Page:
After a terrorist attack in her old home, Metro City, Jane Beckles’ parents decide to move away to the suburban town of Kent Waters. She joins the local school and decides that she doesn’t want to have the superficial friendships she had in Metro City any more. When the most popular girl in school invites her to sit at her table, Jane walks away, choosing to eat with the group of misfit girls instead. She asks them their names and decides that she, Theatre Jane, brainy Jayne, and sporty Polly Jane should be a gang immediately.
Jane is still making trips back to Metro City – when the bomb exploded she found herself lying in the street beside a man who is now in a coma, they call him John Doe. Jane treasures the sketchbook she ‘borrowed’ from him, which has ‘Art Saves’ written on the cover. She writes to him regularly, and we see these letters in the book. Jane decides to see if art can save, to try to make the outside world more beautiful for her, and the Janes become an art gang, called P. L. A. I. N. – People Loving Art In Neighbourhoods. They start sneaking around at night, creating public artworks – like putting bubbles in fountains and a whole load of garden gnomes together – but since the bomb went off in Metro City, people have closed their minds and they are frightened by the anonymous displays, leading to curfews and police warnings…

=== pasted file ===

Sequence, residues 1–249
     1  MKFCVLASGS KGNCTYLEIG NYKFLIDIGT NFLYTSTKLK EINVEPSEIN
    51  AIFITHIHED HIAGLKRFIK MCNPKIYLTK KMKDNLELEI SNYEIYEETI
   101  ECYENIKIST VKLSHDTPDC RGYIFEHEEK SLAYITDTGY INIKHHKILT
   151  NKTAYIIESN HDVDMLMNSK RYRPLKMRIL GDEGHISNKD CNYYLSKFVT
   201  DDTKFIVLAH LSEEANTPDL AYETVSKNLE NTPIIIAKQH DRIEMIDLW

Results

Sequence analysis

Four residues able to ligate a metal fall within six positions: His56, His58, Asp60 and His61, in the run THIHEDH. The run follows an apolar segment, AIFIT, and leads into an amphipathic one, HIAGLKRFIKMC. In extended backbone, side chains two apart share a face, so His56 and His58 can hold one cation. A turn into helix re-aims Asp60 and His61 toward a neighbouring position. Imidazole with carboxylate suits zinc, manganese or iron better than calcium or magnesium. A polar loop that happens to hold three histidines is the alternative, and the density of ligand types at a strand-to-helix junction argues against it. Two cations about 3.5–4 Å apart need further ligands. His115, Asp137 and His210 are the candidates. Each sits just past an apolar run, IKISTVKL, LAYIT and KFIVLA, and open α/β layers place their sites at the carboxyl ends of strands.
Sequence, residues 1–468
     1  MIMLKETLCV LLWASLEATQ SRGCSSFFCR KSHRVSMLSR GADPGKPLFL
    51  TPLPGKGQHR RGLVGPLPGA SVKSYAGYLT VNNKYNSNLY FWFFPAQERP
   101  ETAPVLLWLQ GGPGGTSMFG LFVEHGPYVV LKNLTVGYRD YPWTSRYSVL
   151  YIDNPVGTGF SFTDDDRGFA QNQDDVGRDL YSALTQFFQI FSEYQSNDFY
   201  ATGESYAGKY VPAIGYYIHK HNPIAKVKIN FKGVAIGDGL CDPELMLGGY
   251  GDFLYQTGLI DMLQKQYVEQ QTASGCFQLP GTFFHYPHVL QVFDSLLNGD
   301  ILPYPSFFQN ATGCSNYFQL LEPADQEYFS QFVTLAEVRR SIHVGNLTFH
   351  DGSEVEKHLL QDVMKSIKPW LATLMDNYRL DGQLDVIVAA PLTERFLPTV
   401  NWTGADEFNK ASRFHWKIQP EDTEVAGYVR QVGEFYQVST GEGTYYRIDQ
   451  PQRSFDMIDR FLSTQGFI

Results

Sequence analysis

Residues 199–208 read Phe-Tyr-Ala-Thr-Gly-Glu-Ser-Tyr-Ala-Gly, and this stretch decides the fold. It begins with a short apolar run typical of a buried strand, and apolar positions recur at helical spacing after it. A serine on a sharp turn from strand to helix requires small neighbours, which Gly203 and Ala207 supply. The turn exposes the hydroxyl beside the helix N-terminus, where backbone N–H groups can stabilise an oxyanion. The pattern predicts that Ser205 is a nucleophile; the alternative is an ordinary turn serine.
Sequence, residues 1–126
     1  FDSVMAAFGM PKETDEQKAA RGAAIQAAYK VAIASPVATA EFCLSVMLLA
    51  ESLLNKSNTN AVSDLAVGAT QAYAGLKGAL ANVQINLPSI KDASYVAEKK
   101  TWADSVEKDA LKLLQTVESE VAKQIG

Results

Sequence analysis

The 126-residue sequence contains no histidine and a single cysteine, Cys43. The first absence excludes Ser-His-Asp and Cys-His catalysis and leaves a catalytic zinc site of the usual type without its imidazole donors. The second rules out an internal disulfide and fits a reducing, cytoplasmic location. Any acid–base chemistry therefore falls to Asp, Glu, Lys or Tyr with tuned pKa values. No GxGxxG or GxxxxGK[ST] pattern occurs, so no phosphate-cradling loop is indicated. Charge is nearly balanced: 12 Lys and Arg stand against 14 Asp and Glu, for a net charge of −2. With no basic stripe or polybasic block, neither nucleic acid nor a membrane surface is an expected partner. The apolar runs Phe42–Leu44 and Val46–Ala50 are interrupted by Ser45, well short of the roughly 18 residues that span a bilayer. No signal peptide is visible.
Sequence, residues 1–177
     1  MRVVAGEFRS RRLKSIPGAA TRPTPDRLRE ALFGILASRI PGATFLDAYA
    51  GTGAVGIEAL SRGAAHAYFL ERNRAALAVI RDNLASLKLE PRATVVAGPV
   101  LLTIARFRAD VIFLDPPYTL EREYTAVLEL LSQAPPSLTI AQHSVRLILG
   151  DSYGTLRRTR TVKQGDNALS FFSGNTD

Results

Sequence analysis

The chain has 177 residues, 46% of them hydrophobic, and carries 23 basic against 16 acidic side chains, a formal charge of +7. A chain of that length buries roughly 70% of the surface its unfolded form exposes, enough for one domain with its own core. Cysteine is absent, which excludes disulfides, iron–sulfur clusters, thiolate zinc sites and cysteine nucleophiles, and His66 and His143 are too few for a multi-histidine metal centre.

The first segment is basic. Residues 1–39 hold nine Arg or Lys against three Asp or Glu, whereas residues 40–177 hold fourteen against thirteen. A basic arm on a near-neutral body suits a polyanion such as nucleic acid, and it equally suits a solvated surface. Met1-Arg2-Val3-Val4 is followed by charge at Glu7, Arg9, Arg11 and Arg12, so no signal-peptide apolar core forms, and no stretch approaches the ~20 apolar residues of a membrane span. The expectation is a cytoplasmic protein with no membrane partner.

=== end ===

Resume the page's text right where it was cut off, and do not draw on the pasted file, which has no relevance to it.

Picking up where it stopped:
I really enjoyed The Plain Janes. It has a fast paced yet emotionally striking storyline, and I liked the idea of a gang of girls secretly making public art pieces. The art works for the most part, although it is sometimes too sparse, I would have liked more detail, especially in the interior of buildings. The Janes’ characters do rely too much on clichés, and the main Jane, Jane Buckles, and Theatre Jane, have more space spent developing their characters than the other two. I would also have liked to see some aspects of the plot explained in more detail, to see some of Jane’s life before the terrorist attack. There is a lot crammed into to this short book, which is overall a good thing, but I often wanted it to be fleshed out more. The book doesn’t have a real ending, it just cuts off – but there is a sequel, Janes In Love, that concludes the girls’ story. There were originally meant to be several books in this series, but the Minx imprint was cancelled.
I think The Plain Janes is a fantastic read for teenagers, with its themes of rebellion and friendship. Jane is a great heroine for teenage girls to look up to, but the story could appeal to boys too. It would be especially good for reluctant readers, as the style is very filmic and it is quick to get through, thinner than the average paperback and light to carry around. Adults should enjoy this too but they are more likely to wish it was longer and that the characterisation and plot was filled out more.
The Plain Janes was the first release under the DC Comics imprint Minx, aimed at young girls and cancelled after only two years. It is the first book in this imprint that I have read, I have now read four and hope to read all the others that made it to print before the line was cancelled, look out for more Minx reviews coming up!
The Plain Janes is written by Cecil Castellucci, who has three published YA novels and is also a musician. Her website is . The art is by Jim Rugg, best known for his work on the comic book series Street Angel.